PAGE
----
As we close out 2022, I want to take a moment to recap and say thanks to all of our contributors and readers. We had a year of ups and downs, starting with me deciding to take over the site from founder Ross Anderson, who had, along with myself and some others, started this journal in April 2020, during the height of the COVID pandemic. Ross found the combination of writing for the journal and managing the stable of contributors to be more than he had bargained for in his retirement. Original hopes for a much larger community of contributors had dwindled to a dedicated group that can be found on our “Rainshadow Community” page. I stepped in, cautiously, with the understanding that if we didn’t get more contributions, we would fold.
So we relaunched last April with a post by long time contributor Karen Sullivan, called “Shrinking our lives”. Over the next few months, others joined in. Our stats continued to grow, and we can count on at least 3 to 4000 views per month, with some months much higher. Our biggest win of the year was to get Fred Obee (and with permission by Tom Robbins) to contribute the “Lost Commencement Address of Tom Robbins.” which brought in 54,000 views in May alone and continues to be the largest viewed post of all time, by a lot.
Great newer contributors included the addition of Diana Talley with her irreverent memoirs, called “Shavings in my Brassiere” drawing in a new set of readers. Corey Parker joined us with her tales of sailing the East Coast. Wendy Feltham has done very well received articles on birds and other animals of the area, as did Steven Carr Hampton. Peggy Myre contributed data focused articles fitting of her background in database production. Karen Clemens brought us The Farm, a gothic tale for Halloween. Ann Candioto brought us stories of gardening, one of the largest pastimes here on the Peninsula. Ted Olinger penned a column about “The Book John Steinbeck almost wrote about the Pacific Northwest.” Mary Morgan brought us a book review, and I would love to see more reviews.
Our original founders continued to bring us entertaining reading. Ross Anderson has focused on the people of the peninsula along with overviews of current issues, with well researched articles. Joel Rogers continues to do the “On the Hard” column of renovations and histories of ships of all kinds in the shipyard and showcased his superb photography for us. Mark Clemens allowed us to serialize his novel, “Infinite Tenderness”. Karen Sullivan regaled us with “The Deranged Gourmet” and “When I was a Secret Agent” among many other short stories. Carl Berger brought us A Gritty, Poetic Story of Misadventure. And of course, Wanda Fuca could not help but weigh in on the international Port Townsend trans controversy, in “A Tempest in a Y Pool.”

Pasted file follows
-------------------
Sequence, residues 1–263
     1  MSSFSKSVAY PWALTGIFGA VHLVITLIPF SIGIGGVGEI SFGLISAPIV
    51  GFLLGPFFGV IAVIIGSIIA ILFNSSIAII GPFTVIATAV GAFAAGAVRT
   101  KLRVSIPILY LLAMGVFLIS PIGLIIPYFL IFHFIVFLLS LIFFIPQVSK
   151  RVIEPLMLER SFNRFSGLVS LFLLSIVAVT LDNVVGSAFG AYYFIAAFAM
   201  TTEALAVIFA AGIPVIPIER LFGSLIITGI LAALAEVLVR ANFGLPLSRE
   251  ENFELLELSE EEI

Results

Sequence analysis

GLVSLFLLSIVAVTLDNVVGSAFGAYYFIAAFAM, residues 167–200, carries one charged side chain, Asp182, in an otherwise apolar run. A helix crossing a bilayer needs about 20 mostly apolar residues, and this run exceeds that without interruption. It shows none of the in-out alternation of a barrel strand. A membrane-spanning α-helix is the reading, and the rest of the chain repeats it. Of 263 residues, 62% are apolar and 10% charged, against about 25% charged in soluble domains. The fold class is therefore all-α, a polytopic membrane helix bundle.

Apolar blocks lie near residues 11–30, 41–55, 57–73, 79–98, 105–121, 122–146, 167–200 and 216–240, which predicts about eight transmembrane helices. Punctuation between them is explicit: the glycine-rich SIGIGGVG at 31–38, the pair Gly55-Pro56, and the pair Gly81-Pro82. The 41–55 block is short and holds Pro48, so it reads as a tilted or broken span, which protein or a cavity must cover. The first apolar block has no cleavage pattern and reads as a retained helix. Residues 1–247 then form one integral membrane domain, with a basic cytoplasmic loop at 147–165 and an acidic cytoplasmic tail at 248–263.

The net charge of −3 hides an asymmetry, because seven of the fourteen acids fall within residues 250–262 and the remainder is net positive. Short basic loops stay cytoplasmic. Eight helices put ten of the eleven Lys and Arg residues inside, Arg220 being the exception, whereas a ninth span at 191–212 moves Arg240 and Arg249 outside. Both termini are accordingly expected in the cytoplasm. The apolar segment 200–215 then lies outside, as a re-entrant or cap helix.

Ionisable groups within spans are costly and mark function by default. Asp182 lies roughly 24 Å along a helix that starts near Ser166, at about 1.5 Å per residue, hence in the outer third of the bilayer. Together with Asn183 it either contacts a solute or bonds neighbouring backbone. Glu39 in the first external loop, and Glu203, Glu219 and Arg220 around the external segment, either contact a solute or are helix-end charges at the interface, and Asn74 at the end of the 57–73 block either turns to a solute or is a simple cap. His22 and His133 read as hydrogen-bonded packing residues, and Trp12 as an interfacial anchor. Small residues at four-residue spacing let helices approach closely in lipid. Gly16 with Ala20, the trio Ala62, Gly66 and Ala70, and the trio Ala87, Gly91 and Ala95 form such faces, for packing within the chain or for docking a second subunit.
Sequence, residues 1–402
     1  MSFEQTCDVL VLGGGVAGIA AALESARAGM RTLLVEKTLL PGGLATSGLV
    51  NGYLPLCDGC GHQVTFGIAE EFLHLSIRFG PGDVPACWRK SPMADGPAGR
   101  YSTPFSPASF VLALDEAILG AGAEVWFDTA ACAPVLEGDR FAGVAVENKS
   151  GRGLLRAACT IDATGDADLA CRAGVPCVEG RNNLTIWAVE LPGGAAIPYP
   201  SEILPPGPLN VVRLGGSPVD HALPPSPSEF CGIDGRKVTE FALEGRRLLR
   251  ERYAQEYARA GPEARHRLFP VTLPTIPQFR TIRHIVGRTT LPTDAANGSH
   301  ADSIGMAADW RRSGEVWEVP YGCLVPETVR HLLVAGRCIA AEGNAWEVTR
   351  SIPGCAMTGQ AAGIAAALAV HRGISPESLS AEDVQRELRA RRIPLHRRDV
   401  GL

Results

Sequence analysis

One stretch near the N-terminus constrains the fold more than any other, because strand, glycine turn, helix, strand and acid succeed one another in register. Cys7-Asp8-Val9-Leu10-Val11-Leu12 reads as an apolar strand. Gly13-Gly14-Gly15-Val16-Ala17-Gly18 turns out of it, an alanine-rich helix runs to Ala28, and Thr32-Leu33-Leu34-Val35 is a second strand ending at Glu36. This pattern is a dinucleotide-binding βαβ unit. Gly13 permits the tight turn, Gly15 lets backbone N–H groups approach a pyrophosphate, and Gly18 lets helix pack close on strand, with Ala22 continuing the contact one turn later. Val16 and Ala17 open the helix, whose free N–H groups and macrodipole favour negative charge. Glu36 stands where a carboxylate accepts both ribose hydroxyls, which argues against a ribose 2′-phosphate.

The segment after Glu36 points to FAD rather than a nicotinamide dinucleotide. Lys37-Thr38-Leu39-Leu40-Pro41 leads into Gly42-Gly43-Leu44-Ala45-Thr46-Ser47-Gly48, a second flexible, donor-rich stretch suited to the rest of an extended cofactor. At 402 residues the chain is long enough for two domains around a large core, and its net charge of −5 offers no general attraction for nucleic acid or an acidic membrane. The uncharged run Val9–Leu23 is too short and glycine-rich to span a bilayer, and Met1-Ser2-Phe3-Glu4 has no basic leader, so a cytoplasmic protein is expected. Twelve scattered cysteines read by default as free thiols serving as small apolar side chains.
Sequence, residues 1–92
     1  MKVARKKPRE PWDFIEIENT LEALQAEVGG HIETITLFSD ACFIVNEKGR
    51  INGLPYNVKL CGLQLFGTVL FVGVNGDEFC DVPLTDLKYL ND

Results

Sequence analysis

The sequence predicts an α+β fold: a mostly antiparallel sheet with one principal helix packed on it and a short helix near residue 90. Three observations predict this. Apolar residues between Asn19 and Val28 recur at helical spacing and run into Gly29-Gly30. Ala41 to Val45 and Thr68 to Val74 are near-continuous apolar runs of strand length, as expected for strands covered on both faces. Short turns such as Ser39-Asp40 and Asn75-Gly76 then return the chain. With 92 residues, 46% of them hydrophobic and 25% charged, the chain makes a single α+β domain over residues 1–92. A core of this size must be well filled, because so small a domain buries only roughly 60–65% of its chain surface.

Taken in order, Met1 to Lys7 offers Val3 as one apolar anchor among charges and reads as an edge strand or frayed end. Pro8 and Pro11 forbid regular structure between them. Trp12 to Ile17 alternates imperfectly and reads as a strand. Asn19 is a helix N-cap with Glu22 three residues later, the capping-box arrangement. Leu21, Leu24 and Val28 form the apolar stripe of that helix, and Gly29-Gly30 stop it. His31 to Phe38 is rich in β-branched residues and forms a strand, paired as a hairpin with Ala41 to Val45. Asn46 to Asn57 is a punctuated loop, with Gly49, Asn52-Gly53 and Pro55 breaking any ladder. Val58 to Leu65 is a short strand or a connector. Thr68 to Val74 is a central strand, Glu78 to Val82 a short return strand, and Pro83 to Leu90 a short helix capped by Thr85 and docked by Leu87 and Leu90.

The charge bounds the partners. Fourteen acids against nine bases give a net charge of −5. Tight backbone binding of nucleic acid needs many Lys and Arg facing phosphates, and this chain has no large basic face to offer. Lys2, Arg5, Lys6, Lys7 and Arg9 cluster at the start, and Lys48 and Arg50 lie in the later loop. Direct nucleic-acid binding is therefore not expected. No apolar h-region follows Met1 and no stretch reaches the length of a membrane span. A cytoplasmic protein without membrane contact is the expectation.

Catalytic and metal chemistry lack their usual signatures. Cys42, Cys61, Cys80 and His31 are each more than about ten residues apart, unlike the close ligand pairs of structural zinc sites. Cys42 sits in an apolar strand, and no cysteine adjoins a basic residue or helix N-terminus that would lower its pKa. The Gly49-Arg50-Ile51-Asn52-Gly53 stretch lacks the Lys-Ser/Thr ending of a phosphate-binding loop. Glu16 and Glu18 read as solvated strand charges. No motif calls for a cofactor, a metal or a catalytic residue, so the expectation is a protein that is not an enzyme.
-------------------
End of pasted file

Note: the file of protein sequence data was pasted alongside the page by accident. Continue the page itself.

Original stories from the first year of publication continue to pull in readers. “So Long Pygmy Kayaks” by Ross Anderson from June of 2020 is our second biggest search result. Charlie Bermant’s “Garth Hudson PT Performance Remembered” from 2021 also continues to bring in hits daily. (Garth was a member of The Band, and this post has been referenced many places on the web).
I’m open to fresh writing, with the caveat that if I like something, I run it by our other members and see what they think. We have one Pulitzer Prize winning journalist in our group, and also long-time professional writers, so our standards are rigorous. I have turned down some writers as their stories either didn’t fit our focus, or the consensus of our group was that they needed to work on honing their writing skills further. Feel free to send me a short description of what you would like to contribute, and I’ll take a serious look at it. As usual, we do this entire journal as a labor of love, and do not pay for any of the articles.
Once again, thank you all for what you have helped create on the Rainshadow Journal. We look forward to bringing you more news, opinion, and stories from “the upper left coast” in 2023.